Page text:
Shell’s initial project with Yokogawa focused on a single site to establish and fine-tune the appropriate measures. This enabled Yokogawa to accumulate extensive expertise in appropriate countermeasures to address a wide range of security vulnerabilities in industrial automation. These include (but are not limited to) firewalls, access control,  network  monitoring,  and  disaster  recovery system backup.

Shell’s approach to cybersecurity looks at the problem from a risk management perspective to help ensure business continuity, social responsibility, and environmental responsibility.

Unlike  centrally  managed  enterprise  IT  systems that  utilize  corporate  standards,  most  industrial control systems are managed independently at each site. Having different management approaches represents a challenge for achieving a consistent level of security.  This explains the need for an approach that addresses vulnerabilities by mitigating exposure for the business as a whole of potential and appropriate risks.  Shell’s upstream and downstream operations encompass multiple sites around the globe, with some in very remote locations.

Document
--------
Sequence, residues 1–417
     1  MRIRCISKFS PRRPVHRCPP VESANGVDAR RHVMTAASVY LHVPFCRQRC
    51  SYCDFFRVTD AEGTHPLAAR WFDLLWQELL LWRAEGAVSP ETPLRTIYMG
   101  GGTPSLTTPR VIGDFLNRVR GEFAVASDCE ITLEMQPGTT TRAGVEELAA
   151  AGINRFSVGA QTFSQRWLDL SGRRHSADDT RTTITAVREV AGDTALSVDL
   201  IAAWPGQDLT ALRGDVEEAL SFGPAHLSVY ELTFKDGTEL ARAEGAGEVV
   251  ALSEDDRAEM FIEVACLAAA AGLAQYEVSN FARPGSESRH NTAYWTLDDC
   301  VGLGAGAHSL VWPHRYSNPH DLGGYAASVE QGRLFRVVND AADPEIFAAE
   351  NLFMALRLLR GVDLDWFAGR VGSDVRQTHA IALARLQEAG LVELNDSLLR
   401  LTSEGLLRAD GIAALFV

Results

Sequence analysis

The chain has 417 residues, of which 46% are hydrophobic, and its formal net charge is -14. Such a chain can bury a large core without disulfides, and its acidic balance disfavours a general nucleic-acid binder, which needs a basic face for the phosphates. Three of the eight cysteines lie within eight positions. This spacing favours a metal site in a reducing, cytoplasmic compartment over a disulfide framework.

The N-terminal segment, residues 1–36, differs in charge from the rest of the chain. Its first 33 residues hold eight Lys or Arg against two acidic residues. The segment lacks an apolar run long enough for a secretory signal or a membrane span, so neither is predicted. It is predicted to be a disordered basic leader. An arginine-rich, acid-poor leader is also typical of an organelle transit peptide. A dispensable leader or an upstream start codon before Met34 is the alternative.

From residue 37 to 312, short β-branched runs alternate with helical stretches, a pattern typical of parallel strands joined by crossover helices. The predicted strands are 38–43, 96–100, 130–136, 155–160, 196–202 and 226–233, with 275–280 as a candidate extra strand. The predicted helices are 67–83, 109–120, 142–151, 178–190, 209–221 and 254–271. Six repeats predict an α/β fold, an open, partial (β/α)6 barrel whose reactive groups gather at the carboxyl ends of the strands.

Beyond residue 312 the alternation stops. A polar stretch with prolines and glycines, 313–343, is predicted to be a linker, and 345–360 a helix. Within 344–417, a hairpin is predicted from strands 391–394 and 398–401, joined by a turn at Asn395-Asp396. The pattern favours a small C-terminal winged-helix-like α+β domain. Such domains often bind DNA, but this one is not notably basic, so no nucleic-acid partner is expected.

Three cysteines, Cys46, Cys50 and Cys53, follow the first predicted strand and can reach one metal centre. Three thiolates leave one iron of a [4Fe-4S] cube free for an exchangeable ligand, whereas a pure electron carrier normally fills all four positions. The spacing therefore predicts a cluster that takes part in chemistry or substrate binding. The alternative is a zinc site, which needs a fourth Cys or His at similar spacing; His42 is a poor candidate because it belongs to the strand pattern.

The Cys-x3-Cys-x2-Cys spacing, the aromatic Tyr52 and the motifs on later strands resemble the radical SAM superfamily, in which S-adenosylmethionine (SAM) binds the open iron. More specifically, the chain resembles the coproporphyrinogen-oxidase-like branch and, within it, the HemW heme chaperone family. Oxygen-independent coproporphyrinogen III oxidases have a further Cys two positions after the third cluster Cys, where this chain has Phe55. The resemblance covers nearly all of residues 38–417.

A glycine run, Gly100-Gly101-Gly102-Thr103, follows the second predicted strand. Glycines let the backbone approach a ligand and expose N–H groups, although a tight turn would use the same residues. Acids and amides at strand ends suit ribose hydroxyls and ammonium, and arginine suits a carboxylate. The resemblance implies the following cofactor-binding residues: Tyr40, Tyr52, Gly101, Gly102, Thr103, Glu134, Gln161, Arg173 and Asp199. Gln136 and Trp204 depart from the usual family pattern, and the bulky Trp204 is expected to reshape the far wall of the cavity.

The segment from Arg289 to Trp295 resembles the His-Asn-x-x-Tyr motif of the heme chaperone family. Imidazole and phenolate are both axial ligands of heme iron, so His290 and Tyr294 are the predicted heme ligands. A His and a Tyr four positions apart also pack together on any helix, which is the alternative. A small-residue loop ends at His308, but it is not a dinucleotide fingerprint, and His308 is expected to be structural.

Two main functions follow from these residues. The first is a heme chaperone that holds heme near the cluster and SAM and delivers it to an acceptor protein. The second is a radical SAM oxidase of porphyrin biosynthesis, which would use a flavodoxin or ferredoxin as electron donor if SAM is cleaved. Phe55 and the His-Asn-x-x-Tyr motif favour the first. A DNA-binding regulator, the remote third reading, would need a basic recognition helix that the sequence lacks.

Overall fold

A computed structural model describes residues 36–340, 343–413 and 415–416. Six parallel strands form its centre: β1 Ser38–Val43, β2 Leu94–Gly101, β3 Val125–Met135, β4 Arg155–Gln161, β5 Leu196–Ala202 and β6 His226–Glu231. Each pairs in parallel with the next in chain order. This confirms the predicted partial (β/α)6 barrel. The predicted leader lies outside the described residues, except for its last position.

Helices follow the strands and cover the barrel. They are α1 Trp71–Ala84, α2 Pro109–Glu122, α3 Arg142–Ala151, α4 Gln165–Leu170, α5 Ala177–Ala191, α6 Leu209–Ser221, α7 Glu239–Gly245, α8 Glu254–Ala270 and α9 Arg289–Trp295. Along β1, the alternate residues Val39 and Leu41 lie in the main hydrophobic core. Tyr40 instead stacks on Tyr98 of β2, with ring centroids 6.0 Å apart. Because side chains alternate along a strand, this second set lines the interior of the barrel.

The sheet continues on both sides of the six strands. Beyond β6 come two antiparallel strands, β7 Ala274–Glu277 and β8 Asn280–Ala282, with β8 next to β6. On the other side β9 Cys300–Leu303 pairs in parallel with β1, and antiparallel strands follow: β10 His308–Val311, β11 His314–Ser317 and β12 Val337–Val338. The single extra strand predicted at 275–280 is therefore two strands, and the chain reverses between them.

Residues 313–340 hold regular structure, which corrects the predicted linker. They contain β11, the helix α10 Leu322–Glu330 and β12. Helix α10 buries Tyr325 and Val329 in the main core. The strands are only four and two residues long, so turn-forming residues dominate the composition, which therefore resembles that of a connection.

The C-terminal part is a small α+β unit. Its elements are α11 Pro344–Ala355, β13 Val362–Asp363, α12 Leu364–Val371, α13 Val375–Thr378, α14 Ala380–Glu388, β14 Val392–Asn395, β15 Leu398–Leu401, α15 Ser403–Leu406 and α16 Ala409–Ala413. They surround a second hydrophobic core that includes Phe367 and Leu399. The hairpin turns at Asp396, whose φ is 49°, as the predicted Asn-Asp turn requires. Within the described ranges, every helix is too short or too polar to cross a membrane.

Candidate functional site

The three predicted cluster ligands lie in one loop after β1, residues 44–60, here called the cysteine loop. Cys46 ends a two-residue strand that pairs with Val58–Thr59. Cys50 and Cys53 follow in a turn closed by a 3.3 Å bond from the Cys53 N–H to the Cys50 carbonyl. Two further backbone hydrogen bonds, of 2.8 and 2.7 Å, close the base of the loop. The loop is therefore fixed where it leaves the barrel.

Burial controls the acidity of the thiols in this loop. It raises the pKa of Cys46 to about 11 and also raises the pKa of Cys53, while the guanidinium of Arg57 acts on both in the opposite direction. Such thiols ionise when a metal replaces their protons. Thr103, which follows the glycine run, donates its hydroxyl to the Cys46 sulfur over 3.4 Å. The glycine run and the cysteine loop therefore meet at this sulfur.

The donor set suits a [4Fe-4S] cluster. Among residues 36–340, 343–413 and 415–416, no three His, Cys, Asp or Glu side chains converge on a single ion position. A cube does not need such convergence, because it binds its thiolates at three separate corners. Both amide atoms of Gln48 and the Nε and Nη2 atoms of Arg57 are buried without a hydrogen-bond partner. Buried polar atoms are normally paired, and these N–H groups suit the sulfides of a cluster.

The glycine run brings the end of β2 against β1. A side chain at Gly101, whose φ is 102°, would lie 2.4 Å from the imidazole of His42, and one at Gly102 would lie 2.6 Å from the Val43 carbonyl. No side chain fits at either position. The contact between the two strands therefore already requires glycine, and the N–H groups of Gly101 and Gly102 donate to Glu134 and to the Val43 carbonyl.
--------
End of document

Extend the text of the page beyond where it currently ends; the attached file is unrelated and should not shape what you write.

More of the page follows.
In 2011, Shell began working with the OT specialists at Yokogawa and the IT specialists at Cisco to develop a standard, centralized approach for industrial patch management, antivirus protection, and other security practices to enhance the cyber security of the company’s diverse base of control systems. To accommodate the often remote locations of these Shell sites, the security management service would have to managed and supported remotely from a central location.

Yokogawa and Cisco collaborated to develop the prerequisite secure, remote connectivity solution that is appropriate for mission-critical real-time control systems.

Shell appropriately named this industrial cyber security management initiative  “SecurePlant.”  While  challenging  for  both  Yokogawa  and  Cisco, ongoing strong support from Shell executives and the companies own IT specialists, helped drive this important initiative forward to realization.